Advocates of the handicapped in Fairfax County, parents of the handicapped and the handicapped themselves sought last week to explain their problems and frustrations to a special state council advising Gov. John Dalton.
"I am asking the governor to live one day of his life as a handicapped person in a wheelchair," Andrew Niemic, of Annandale, told the council, which is conducting public hearings throughout the state. "Then he will understand the feelings of frustration and anger the handicapped have."
Niemic, who is physically handicapped, was one of seven speakers at the hearing last week in the Tyson's Corner Ramada Inn. He painted a sometimes touching, sometimes horrific picture of what the governor's day would be like in a wheelchair.
Niemic described Dalton being carried into church because it probably would not have ramps, dodging cars in a shopping center parking lot because he would have to park far from the stores to get a large enough space to accommodate a wheelchair, entering a restaurant through a delivery-sized entrance, probably down a garbage-filled alley, and being unable to see a movie because his chair in the aisle would create a fire hazard.
Niemic called for more curb cuts on county streets to provide wheelchair access to Metrobus stops. He said state law required that curb cuts be placed at all intersections built or replaced after Jan. 1, 1975. However, the law has not been carried out in Fairfax County, and county and state officials are now involved in a dispute over who is responsible for installing the cuts.
Niemic also chastised Fairfax schools for not having ramps for the handicapped at all schools. He said it is difficult for handicapped parents to attend meetings in some buildings.
Parents of two children in a special program for the physically handicapped at Fair Hill Elementary School also criticized the school system for not providing more therapists. They said Fair Hill's therapy pool was underused because the school lacks therapists, and added that handicapped children were not included in enough of the regular schools programs.
Fair Hill principal R. Lee Padgett said in an interview that the school was not understaffed according to school board guidelines, "but we probably could use more people to make maximum use of facilities." He said almost all the 50 handicapped pupils are "main-streamed" in regular school programs.
Another speaker, Gordon Landes, who serves on the new county Commission for the Handicapped, suggested that handicapped people be allowed to use express lanes on highways into the District of Columbia because they need extra time to park and enter work. He said state and local governments "should get on their toes" to take advantage of federal money recently made available for the handicapped.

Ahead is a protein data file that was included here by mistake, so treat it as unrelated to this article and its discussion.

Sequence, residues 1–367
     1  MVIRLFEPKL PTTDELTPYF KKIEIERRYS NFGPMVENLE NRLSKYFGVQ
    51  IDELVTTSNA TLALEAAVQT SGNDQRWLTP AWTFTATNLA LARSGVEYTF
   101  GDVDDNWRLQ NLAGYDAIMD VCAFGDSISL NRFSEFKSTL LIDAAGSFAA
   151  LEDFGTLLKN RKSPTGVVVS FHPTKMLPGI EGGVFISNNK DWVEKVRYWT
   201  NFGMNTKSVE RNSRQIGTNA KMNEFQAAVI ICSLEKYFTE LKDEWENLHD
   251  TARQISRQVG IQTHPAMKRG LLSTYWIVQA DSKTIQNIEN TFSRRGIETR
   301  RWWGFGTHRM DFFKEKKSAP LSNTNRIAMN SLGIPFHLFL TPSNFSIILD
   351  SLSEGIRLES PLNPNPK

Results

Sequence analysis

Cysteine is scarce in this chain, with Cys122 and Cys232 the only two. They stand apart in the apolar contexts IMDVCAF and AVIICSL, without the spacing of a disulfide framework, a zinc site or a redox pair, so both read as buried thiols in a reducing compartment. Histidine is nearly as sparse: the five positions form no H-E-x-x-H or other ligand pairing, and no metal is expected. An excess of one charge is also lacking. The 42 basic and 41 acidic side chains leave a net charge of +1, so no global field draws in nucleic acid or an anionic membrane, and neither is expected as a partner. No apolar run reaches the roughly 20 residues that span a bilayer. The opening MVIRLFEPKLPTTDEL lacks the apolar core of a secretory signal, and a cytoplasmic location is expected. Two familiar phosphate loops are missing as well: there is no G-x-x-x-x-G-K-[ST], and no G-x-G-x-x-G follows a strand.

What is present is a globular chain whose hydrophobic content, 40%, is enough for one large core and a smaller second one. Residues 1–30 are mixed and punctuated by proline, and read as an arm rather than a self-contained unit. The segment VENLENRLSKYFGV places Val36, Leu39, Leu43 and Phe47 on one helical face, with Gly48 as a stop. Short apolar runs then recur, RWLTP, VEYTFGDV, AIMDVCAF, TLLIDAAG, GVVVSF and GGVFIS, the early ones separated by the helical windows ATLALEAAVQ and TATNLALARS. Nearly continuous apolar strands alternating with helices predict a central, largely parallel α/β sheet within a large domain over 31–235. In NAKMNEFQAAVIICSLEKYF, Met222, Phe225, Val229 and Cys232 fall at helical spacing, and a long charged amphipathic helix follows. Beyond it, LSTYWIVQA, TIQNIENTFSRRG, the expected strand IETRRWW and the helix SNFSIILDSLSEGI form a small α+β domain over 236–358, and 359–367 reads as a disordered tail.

Speakers also recounted cases of those who have lost services because of adminstrative regulations. Leroy Aarons said his 25-year-old son may no longer be able to attend a day care center for mentally retarded adults or receive transportation there because he recently became a resident of the Northern Virginia Tranining Center for the Mentally Retarded.
Aarons said a state rule on administration of federal funds may require withdrawal of money that pays for his son's attendance at the day care center and transportation to the center. He said counselors have recommended his son continue attending the center because it gives him a more normal existance. Aarons said 19 other Northern Virginians have experienced the same problem.
In another case, a man who had been rehabilitated physically to do computer work must give up a newly found job in nine months or lose federal Society Security benefits. However, he needs the Social Security payments to cover medical bills.
After meetings throughout the state this year, the advisory council will make recommendations to the governor.
When the council was established in the 1950s, its mandate was to deal with needs of the physically handicapped. During the past few years, because of new state and federal laws expanding services to the handicapped, that mandate has grown to include other handicaped groups, including the emotionally disturbed, the learning disabled and the mentally retarded.
The council is holding the present hearings "to find out just what the needs are and how widespread they are," said James T. Micklem, a council member who handles special education matters in the Virginia Department of Education.